David asks:May 10, 2022
Is Eleventy ready for content-heavy websites?
I read your case study article, Backlinko project some weeks ago, and that is very interesting. I have some ambiguities about parts of it.
About tech stack choice, It's said:
"From the start, Backlinko was quite convinced to use Next.js, but we weren’t sure if that’s the best option for them. [...]
We’ve presented Eleventy as an alternative. At that time, Eleventy was still pretty fresh with no big real-world implementations, mostly personal blogs, and small websites. It was (kind of) risky because the team behind the project is not big and the community is relatively small."
Regarding this, I have some questions:
- For Eleventy, I know that the CMS of web.dev website is Eleventy (it has more than 1000 articles); So, do you still think that Eleventy is not suitable/ready for a real-world content-heavy website like Backlinko or things have changed???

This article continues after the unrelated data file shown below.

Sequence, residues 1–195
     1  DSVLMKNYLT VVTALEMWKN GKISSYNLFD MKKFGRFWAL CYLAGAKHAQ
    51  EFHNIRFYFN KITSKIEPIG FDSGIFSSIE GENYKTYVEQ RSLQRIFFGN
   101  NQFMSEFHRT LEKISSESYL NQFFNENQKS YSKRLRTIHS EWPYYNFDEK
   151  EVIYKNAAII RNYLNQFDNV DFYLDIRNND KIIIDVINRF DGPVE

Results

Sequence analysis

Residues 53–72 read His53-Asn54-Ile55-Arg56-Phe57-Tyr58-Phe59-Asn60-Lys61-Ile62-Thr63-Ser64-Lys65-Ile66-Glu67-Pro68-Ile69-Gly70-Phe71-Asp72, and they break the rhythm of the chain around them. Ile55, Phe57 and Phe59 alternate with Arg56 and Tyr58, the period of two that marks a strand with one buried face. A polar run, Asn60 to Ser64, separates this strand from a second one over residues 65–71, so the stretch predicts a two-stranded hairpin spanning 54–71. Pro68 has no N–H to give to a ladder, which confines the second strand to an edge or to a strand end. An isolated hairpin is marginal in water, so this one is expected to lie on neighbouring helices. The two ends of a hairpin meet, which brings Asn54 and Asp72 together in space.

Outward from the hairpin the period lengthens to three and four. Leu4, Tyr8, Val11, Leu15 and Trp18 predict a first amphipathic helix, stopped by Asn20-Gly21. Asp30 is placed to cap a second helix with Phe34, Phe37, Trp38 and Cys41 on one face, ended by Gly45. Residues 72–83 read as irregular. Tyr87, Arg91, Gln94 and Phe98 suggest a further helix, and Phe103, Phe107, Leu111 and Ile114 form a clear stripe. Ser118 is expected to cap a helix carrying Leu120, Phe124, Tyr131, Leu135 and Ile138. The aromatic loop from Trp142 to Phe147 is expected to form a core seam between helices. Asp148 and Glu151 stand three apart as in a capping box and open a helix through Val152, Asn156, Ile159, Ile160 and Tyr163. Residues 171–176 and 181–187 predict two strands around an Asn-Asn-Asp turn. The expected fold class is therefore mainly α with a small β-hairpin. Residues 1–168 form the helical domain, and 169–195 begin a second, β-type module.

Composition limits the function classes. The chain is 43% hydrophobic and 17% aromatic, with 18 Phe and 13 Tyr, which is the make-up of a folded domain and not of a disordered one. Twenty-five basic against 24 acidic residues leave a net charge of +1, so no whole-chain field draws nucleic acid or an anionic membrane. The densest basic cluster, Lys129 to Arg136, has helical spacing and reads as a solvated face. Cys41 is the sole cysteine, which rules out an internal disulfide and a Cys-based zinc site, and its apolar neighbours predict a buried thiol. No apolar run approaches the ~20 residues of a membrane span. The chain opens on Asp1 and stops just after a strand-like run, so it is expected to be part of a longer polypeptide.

- In the Backlinko case with combing WordPress and Nextjs, can ACF or Gutenberg be used for writing and structuring posts after this Front-end transition?? and the complex setup (different CMSs and hosts, multiple dependencies, ...) does not make maintenance hard???
- Currently, Eleventy is much more stable, with the recent SSR and Edge Rendering it’s a very interesting framework and I’d consider it again. But, I’d consider Astro even more. Partial hydration is a great booster for content-heavy websites with a small number of interactive components. We will write about this more soon, so stay tuned.
- Yes! We use ACF a lot in the Backlinko project (like 90% of content goes from ACF). I’m not sure about Gutenberg, but if it exposed data in API it will be easy to integrate it with frameworks like Next.js.
With multiple hosted CMSes, if the config is well-thought, there shouldn’t be a problem with maintenance. In the case of Backlinko, we use just WordPress.